A proposed amendment to Florida’s Constitution, Amendment 4, would require that all changes to comprehensive plans approved by local governments must also be approved by voters.
Amendment 4’s unintended consequences pose a serious threat to Florida’s ability to secure high-paying jobs and achieve sustainable economic growth and will add layers of unnecessary, costly and litigious bureaucracy to the planning process.
Although not all businesses relocating to Florida will need a comprehensive-plan amendment, the perception alone of the state’s business climate plays a crucial role when smart, green and high-tech industries consider their relocation options. Amendment 4 all but throws a not-welcome doormat at the state line.
Florida already leads the nation in unemployment and related home foreclosures. By requiring the only state in the nation to determine land use by voter referendum, Amendment 4 will stymie Florida’s economic recovery and plunge the state into a deeper and prolonged economic decline.
Floridians have good reason to be concerned with planning decisions of the past. Serious mistakes have been made regarding the intensity, timing and location of new growth. Notwithstanding these missteps, Amendment 4 fails to offer a viable alternative and would ultimately make the process worse.
The pro-Amendment 4 website implies that over-development problems will no longer occur with the passage of Amendment 4. To the contrary, this constitutional amendment would make it more difficult for our communities to improve planning options that encourage smarter growth alternatives.
Amendment 4 supporters inaccurately portray comp-plan amendments solely as a way to approve developments that lead to traffic congestion and environmental destruction, when in reality the vast majority of comp-plan amendments have nothing at all to do with approving developments.
The author(s) of Amendment 4 missed the mark, and it’s too late to fix it now. Rather than drag all comp-plan amendments to the polls, Amendment 4 should have been limited only to those plan amendments that deal with growth.
Yankeetown, a town of less than 1,000 Floridians, adopted by referendum a local version of Amendment 4. When it became unmanageable, the voters approved another referendum, this time to limit the comp-plan amendments that would be subject to voter approval. If Amendment 4 proved too cumbersome for a town of 800, imagine how destructive it would be for a state of 18 million!
The vast majority of comp-plan amendments deal with mundane management issues, such as adjustments to capital-improvement programs (the Yankeetown example), renumbering paragraphs, correcting demographic projections and complying with changes in state and federal regulations. They don’t attract e-mails or letters of concern, and nobody shows up at the numerous statutorily mandated public hearings. It is disingenuous and counterproductive to suggest that these same comp-plan amendments should now mandate, at taxpayer expense, a county-wide referendum.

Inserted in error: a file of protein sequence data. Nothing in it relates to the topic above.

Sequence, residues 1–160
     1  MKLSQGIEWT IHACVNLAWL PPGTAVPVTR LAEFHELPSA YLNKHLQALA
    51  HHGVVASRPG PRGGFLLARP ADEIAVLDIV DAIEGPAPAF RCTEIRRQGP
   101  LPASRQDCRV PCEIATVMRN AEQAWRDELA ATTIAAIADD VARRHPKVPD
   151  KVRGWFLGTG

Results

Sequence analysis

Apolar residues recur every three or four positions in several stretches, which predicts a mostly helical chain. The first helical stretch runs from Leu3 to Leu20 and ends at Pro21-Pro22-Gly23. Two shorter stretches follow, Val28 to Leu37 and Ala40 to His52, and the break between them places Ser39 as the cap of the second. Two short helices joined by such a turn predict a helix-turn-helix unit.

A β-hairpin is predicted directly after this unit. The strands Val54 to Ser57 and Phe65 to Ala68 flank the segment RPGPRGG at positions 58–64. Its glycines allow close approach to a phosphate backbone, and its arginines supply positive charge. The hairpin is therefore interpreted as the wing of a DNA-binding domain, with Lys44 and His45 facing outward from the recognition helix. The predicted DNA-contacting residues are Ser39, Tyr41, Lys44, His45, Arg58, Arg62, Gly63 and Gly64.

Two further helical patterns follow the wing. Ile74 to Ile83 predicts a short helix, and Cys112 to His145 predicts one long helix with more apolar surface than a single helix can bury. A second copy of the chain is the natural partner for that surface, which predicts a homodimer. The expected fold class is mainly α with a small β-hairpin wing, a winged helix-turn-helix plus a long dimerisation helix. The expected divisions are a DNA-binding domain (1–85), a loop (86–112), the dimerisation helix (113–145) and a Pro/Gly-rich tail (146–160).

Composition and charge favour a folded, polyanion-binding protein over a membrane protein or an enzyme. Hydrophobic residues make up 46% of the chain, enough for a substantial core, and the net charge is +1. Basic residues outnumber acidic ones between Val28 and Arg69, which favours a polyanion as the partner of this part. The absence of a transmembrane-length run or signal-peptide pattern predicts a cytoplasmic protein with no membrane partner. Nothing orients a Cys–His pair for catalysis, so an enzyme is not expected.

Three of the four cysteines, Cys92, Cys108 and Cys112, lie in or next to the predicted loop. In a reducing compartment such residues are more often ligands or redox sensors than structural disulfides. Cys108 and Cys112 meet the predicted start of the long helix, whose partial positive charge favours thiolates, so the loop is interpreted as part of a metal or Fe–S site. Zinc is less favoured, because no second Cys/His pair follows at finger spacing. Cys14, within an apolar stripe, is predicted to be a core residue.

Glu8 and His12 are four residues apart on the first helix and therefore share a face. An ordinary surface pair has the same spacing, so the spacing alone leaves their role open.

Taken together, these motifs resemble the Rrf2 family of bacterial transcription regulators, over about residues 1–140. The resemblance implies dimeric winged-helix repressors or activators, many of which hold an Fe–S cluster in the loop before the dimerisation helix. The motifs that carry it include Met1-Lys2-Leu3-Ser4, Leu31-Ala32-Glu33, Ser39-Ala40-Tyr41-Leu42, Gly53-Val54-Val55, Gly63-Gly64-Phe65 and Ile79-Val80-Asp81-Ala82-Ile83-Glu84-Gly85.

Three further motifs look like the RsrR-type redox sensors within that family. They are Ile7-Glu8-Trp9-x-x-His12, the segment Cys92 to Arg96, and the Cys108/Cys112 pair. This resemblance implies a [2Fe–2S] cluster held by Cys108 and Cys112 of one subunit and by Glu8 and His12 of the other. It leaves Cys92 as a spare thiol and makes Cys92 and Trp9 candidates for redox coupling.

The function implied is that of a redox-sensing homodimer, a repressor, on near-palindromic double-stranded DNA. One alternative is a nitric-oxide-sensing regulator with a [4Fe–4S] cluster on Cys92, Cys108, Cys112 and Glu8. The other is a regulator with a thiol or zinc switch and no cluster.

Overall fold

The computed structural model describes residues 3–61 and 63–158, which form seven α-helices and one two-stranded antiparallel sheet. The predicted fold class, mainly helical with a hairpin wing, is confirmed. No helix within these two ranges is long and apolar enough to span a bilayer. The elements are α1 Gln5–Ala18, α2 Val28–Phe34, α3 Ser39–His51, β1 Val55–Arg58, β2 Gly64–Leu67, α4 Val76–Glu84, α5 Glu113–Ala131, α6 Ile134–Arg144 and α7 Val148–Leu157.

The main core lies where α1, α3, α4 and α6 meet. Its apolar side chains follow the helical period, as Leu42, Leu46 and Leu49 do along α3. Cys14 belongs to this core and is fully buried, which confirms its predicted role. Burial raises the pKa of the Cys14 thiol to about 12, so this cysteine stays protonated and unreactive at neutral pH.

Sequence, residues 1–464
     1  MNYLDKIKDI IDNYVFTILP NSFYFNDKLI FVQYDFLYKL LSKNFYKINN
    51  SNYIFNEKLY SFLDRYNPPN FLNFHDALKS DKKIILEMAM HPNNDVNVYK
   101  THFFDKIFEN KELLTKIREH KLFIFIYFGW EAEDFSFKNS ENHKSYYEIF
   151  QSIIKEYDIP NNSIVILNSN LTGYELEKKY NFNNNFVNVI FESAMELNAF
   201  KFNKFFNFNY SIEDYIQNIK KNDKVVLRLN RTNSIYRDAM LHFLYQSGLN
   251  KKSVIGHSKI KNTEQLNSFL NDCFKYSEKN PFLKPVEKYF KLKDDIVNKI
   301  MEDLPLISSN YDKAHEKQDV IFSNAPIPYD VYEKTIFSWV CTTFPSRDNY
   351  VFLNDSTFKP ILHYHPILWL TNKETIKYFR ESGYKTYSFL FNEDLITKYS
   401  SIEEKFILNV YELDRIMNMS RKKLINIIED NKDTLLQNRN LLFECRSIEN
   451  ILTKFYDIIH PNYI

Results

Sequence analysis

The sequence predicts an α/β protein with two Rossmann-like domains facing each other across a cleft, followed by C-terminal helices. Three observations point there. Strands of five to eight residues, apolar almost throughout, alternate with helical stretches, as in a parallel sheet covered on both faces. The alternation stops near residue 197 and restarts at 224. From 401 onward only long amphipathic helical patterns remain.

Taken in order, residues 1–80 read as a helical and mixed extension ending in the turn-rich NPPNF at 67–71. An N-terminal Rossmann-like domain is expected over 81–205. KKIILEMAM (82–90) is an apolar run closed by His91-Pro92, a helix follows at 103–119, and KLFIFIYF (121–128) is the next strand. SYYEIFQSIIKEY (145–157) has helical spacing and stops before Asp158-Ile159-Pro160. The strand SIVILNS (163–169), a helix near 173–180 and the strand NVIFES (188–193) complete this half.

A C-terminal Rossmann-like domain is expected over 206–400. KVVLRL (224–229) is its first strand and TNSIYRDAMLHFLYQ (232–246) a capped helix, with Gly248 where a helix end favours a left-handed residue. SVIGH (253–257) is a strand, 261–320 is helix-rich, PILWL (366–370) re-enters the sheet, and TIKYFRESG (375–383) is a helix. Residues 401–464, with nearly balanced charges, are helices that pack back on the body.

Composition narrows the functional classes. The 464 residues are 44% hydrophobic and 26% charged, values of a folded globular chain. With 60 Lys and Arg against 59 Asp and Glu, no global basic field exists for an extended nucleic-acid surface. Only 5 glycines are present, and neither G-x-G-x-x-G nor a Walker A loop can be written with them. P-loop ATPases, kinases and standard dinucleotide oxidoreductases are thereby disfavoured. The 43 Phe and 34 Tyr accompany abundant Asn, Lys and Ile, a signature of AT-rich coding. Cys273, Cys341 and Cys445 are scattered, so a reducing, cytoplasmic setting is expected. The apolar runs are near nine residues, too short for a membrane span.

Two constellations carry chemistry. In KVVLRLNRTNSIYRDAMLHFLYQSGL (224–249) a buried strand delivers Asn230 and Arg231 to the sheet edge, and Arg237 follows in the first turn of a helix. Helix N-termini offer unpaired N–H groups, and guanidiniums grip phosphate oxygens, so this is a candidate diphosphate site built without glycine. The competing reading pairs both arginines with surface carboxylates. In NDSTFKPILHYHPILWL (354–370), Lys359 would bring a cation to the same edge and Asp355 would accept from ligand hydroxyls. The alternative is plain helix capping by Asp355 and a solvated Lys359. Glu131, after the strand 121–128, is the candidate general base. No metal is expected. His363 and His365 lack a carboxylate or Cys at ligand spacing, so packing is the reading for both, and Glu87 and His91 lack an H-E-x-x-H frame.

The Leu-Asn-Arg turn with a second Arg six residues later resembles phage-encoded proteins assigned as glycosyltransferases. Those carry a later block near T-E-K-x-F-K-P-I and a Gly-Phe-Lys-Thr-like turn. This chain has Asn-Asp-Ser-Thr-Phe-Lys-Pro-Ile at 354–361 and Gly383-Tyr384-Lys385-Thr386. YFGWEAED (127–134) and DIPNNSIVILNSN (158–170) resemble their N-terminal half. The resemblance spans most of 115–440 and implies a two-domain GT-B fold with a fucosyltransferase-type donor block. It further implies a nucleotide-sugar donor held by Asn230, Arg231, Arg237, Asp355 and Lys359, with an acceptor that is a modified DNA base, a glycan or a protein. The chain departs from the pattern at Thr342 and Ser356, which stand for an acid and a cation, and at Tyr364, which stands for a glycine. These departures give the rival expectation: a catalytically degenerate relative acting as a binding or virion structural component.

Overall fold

Comp-plan amendments typically include many pages of explanatory text, charts, soil surveys and maps. It takes hours of reading to understand the complexities and reasons for most plan amendments. It is unrealistic to think that a comp-plan amendment can be explained sufficiently within the mandated 75-word limit of a ballot referendum.
And it’s unfair to expect voters to spend the many hours necessary to become familiar with the endless details of most comp-plan amendments.
Extensive public participation in comp-plan amendments is a requirement of state law today. Still, less than an estimated 3% of Florida’s voters have ever participated in any comp-plan amendment. Amending the constitution to force all comp-plan amendments to the ballot will not enable public participation; it will force decisions on voters who heretofore had chosen not to participate.
I, for one, am tired of the state’s constitution being treated like a Facebook page, where changes are frequent and provoked by the cause of the day.
Our Founding Fathers debated at length the pros and cons of a direct democracy versus a representative democracy. As evidenced in the pledge to our flag, a republic, which is a representative form of government, prevailed. Although even in a republic democracy there is a time and place for direct democracy, it is clear that Amendment 4 is neither the time nor place.
Jon Thaxton is a Sarasota County commissioner, Sarasota County co-chairman of Citizens for Lower Taxes and a Stronger Economy Inc. and a long-time growth-management and environmental activist.
Currently 1 Response
- I agree with Thaxton. Why elect representatives if the voters have to approve every issue put before them? Let the elected representatives handle the issues for the sake of expediency and ultimately for economic growth.
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